You came along, made life a song, Sally
If I lost you I wonder what I'd do.

Sally, Sally don't ever wander
Away from the alley and me
Sally, Sally marry me Sally
And happy forever I'll be
When skies are blue you're beguiling
And when they're grey you're still smiling, smiling
Sally, Sally pride of our alley
You're more than the whole world to me.

~Michael~


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Subject: RE: Origins: Sally in our Alley
From: MGM·Lion
Date: 22 Jan 11 - 11:47 AM

Initial quote in my post above is from Wikipedia.

~M~


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Subject: RE: Origins: Sally in our Alley
From: Charley Noble
Date: 22 Jan 11 - 03:04 PM

Stan Hugill mentions this missing shanty in his Bosun's Locker, pp. 212-213.

"Sally in Our Alley" is noted there from Haley's N. Cole's The Whale Hunt: 1848-1853.

Cheerily,
Charley Noble


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Subject: RE: Origins: Sally in our Alley
From: Q (Frank Staplin)
Date: 22 Jan 11 - 03:17 PM

"Sally in Our Alley," musical comedy, music by Ludwig Englander (1853-1914), libretto by George B. Hobart, two acts, New York, 29 August, 1902. 64 performances.

The Guide to Light Opera and Operetta: http://www.musicaltheatreguide.com/composers/englander/ludwig_%20englander.htm

To complete a reference given above. Content of musical comedy not known to me.


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Subject: RE: Origins: Sally in our Alley
From: MGM·Lion
Date: 22 Jan 11 - 03:27 PM

Q ~~ that is interesting. Here tho is Wiki's summary of the Gracie Fields film, clearly a separate work from the NY musical of 1902:

==Plot summary

A British soldier (Ian Hunter) goes off to fight in World War I, with his girlfriend (Gracie Fields) waiting and worried at home. He is soon wounded in battle and crippled. He comes to the conclusion that she would be better off believing that he has been killed so she can get on with her life. She gets the news and is devastated. Several years later she is still grieving for him, but he has now been cured and goes looking for her==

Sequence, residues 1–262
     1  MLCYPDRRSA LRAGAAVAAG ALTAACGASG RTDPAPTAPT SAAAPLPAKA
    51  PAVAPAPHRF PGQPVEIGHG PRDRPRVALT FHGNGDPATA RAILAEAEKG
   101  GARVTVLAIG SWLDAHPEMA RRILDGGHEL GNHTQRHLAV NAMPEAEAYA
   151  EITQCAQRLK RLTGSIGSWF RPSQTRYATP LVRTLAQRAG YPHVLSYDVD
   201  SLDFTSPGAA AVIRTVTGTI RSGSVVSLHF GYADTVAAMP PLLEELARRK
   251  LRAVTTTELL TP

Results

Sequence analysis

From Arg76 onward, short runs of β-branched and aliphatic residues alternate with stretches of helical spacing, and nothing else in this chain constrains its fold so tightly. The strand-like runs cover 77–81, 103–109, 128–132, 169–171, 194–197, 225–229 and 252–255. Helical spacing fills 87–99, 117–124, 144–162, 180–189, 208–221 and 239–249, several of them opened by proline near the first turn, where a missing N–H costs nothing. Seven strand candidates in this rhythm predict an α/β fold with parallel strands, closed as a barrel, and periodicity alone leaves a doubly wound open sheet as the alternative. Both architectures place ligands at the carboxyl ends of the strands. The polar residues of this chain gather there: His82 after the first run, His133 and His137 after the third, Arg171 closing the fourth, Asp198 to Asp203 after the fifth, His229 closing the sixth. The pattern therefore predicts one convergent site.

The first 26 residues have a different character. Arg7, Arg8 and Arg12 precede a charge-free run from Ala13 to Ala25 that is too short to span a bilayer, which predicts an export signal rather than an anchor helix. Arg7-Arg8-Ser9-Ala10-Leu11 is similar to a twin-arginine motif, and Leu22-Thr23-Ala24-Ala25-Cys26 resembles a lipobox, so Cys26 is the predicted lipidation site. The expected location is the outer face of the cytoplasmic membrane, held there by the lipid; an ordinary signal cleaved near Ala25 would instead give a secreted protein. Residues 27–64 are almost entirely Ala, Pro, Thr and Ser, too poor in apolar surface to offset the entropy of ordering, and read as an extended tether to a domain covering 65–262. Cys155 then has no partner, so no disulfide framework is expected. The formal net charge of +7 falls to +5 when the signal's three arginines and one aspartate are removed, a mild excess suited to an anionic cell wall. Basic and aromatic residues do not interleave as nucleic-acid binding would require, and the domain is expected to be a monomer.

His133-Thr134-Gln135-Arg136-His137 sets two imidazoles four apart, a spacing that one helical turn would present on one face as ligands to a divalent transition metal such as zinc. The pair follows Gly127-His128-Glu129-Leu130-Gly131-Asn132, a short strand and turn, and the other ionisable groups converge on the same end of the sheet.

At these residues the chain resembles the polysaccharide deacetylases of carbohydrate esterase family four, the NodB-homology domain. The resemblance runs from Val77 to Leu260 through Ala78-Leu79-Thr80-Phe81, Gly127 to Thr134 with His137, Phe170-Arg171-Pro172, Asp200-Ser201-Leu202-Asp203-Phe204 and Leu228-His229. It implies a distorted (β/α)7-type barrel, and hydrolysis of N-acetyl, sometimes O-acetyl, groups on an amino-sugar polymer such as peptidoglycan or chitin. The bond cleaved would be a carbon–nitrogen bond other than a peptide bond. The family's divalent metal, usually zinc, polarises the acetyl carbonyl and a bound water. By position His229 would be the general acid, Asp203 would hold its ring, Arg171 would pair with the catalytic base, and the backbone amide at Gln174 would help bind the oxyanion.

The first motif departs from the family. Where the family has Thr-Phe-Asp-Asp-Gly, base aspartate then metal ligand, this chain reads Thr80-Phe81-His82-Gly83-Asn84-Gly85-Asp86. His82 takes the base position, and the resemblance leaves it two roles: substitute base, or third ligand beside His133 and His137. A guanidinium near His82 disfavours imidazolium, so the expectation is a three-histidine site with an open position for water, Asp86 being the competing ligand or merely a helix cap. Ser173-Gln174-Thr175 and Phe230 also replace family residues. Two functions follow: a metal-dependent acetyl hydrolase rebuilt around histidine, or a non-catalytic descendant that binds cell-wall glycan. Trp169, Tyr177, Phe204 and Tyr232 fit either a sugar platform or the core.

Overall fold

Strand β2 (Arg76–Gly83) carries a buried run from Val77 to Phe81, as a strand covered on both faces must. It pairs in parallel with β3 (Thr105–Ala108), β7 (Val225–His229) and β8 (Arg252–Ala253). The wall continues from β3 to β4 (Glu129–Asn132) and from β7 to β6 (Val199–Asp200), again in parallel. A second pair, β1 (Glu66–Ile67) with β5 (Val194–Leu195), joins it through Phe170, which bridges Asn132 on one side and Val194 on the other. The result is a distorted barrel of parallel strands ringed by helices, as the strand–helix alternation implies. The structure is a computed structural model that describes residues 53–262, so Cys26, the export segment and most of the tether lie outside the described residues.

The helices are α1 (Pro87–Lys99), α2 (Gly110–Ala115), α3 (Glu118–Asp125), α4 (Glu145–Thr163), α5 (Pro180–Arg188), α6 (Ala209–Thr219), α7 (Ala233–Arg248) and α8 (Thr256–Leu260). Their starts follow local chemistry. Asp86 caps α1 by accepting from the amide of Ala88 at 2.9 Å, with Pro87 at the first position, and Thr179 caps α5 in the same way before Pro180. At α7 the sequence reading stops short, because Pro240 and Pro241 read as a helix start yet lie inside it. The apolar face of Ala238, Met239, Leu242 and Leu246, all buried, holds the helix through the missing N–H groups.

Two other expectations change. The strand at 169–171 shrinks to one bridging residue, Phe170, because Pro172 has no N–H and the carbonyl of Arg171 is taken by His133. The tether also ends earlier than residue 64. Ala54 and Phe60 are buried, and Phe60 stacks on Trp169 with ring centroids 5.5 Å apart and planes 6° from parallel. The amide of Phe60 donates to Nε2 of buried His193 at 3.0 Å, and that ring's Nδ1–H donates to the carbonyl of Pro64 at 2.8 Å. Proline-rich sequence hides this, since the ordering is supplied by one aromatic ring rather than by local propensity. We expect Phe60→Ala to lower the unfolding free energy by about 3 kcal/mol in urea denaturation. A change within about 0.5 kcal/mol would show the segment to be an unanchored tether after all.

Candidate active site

~M~


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Subject: RE: Origins: Sally in our Alley
From: Q (Frank Staplin)
Date: 22 Jan 11 - 03:52 PM

Gracie starred in the 1930's stage production; Marie Cahill in the 1902 production.


The first uses of Carey's poemand/or play based thereon in film:
"Early Sound Films of the Silent Era."
The two listings may be to the same film- they are not known to have survived.

Gibbons' Bio-Tableaux Sound Films, 1900. "Sally in Our Alley"; British film dir. Walter Gibbons, cast, The American Comedy Four.

British Phono-Cinema-Teatre Sound Films, 1901. "Sally in Our Alley"; cast, The Comedy Four.


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Subject: RE: Origins: Sally in our Alley
From: GUEST,B Zone
Date: 14 Apr 11 - 06:45 AM

I have a framed copy of Sally in our alley lyrics sang by Mr Incldon and other in Covent Gardens ballad around 1800.Please see website Antiques Uk.thanks


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Subject: RE: Origins: Sally in our Alley
From: GUEST,iyenori
Date: 31 Jan 12 - 03:02 PM

The "bed" bit seems to have embarrassed a lot of people. In "A Book of Treasured Poems," compiled and edited by William R. Bowlin (Chicago and New York: Laidlaw Brothers, 1928), p. 88, the penultimate line runs unimaginatively "O then we'll wed, O then we'll wed . . . " and another Internet music source, which I can't locate right now, offers "And then how happily we'll live."